Ref. Charles Terence Estates Ltd v Cornwall Council  EWCA Civ 1439
The Court of Appeal has overturned a High Court ruling in a landmark judgement that will impact the ability of all councils to escape lease commitments on grounds of breaches of previous fiduciary duties.
The case concerned Cornwall Council who in 2009 consolidated all District Councils in the County including Restormel and Penwith. Before Cornwall Council came into existence, those two district councils provided grants and loans to assist Charles Terence Estates (CTE) with purchasing a number of properties to house vulnerable adults, which CTE then leased back to the Councils at set rent rates. There were 30 leases in total, each lasting for around 25 years.
When Cornwall Council came into existence in 2009 they reviewed this arrangement and became concerned over the rents payable. In July 2010 the Council stopped paying the rent and demanded the return of the grants and loans their previous incarnations had offered. They were taken to the High Court where Mr Justice Cranston ruled that Restormel and Penwith had breached their fiduciary duty to taxpayers by failing to take into account market rents on entering into the leases with CTE.
The leases therefore had no effect and were a legal nullity. Mr Justice Cranston said Cornwall occupied each property under a tenancy at will, terminable at any time.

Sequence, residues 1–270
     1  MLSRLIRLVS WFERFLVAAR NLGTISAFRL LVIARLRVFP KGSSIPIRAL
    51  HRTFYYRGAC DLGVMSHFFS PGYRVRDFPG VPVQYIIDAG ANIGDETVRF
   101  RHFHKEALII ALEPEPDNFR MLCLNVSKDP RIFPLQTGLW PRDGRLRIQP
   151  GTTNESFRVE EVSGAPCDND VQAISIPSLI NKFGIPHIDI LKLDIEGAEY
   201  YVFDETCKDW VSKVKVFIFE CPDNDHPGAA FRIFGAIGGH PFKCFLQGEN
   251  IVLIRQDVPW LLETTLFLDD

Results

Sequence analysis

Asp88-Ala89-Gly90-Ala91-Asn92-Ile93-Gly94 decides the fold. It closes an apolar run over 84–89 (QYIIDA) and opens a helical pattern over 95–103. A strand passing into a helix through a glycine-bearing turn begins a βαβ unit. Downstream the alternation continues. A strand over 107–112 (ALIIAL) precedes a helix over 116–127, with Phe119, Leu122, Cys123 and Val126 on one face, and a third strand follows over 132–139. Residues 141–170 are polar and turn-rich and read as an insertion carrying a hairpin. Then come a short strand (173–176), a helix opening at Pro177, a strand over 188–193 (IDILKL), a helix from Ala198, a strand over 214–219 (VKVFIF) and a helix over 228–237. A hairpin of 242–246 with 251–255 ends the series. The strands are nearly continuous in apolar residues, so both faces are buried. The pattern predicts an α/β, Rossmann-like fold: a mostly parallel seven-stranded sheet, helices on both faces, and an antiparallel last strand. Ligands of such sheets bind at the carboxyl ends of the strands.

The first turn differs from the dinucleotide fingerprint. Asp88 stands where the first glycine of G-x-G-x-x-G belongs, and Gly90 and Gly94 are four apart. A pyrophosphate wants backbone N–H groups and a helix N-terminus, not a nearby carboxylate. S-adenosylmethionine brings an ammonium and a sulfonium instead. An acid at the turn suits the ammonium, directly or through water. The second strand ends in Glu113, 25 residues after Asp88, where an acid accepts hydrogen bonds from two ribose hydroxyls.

At the Court of Appeal, however, Lord Justice Maurice Kay took a different stance on the issue and overturned the decision of the High Court. He stated:
“These are important findings, all the more so in the complete absence of any element of private profit, conflict of interest or off-piste political judgment.
“When one compares this case with the leading authorities in which the breach of fiduciary duty approach was propounded and in which it succeeded, it seems to me that the present facts, taken at their highest, establish significantly less culpability.
“There is no evidence of ‘eccentric principles’ or of ‘flagrant violation’ of the kind found in Roberts v Hapwood, or of ‘the making of a gift or present’ to CTE, to use the language of Prescott, or doubling of the ratepayers’ burden as had occurred in the Bromley case. Nor was there the self-evident element of ultra vires (beyond the powers) that underlay Credit Suisse.
“In the present case, the attempt to present it as one of ‘pure’ ultra vires depends upon reading the words ‘at a reasonable price’ into section 17(1)(b) of the Housing Act 1985. There are two reasons for rejecting that approach. The first is that, in the absence of expert evidence, there is no basis for concluding that the rents were not ‘a reasonable price’.
“The second reason is more fundamental. In my judgment, it will rarely be appropriate to read into a statutory power a limitation defined by something such as a ‘reasonable price’. To do so would be to invite judicialisation of the limits of legal capacity in the sense that capacity might be ascertainable only upon a judicial determination of the reasonableness of a price.”
The case, should it stand further potential scrutiny from the Supreme Court, will make it difficult for future councils to escape from their lease commitments on the grounds of ultra vires arguments concerning 17(1) of the Housing Act 1985 or fiduciary breaches concerning the tax payer. Cornwall Council could reputedly have saved at least £4.5m in public funds had the decision of the High Court been upheld, so there are clearly wider implications both to public law and public finances.